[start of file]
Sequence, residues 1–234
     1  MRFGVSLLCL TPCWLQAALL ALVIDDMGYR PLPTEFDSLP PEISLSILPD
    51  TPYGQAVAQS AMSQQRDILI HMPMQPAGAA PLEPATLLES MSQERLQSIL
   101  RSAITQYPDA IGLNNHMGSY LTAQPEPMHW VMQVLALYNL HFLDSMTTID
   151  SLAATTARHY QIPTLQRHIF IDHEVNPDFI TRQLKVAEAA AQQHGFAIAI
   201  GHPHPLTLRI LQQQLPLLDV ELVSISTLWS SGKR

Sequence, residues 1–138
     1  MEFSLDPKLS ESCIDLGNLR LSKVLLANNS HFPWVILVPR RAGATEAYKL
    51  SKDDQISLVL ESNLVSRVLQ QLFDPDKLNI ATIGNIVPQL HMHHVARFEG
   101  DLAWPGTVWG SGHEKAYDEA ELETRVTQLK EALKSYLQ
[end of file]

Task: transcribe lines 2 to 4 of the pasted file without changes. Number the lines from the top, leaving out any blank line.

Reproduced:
     1  MRFGVSLLCL TPCWLQAALL ALVIDDMGYR PLPTEFDSLP PEISLSILPD
    51  TPYGQAVAQS AMSQQRDILI HMPMQPAGAA PLEPATLLES MSQERLQSIL
   101  RSAITQYPDA IGLNNHMGSY LTAQPEPMHW VMQVLALYNL HFLDSMTTID